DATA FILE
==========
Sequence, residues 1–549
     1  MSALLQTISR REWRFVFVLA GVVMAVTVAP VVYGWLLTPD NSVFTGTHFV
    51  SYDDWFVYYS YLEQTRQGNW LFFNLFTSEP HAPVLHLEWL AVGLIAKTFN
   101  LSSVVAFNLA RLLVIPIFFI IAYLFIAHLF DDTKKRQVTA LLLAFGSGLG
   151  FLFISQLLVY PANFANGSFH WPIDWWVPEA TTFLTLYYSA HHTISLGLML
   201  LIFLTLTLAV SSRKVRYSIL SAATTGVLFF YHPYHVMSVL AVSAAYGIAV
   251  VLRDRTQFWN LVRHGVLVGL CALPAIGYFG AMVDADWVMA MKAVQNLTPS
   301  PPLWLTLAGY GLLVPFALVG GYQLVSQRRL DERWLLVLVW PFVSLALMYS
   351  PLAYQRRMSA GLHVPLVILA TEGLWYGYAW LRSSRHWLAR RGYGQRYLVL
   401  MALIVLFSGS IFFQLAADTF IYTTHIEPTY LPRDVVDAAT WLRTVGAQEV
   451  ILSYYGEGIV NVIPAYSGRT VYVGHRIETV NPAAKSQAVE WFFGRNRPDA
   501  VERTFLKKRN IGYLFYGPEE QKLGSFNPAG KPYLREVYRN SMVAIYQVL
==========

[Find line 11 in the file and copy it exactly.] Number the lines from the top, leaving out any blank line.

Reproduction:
   451  ILSYYGEGIV NVIPAYSGRT VYVGHRIETV NPAAKSQAVE WFFGRNRPDA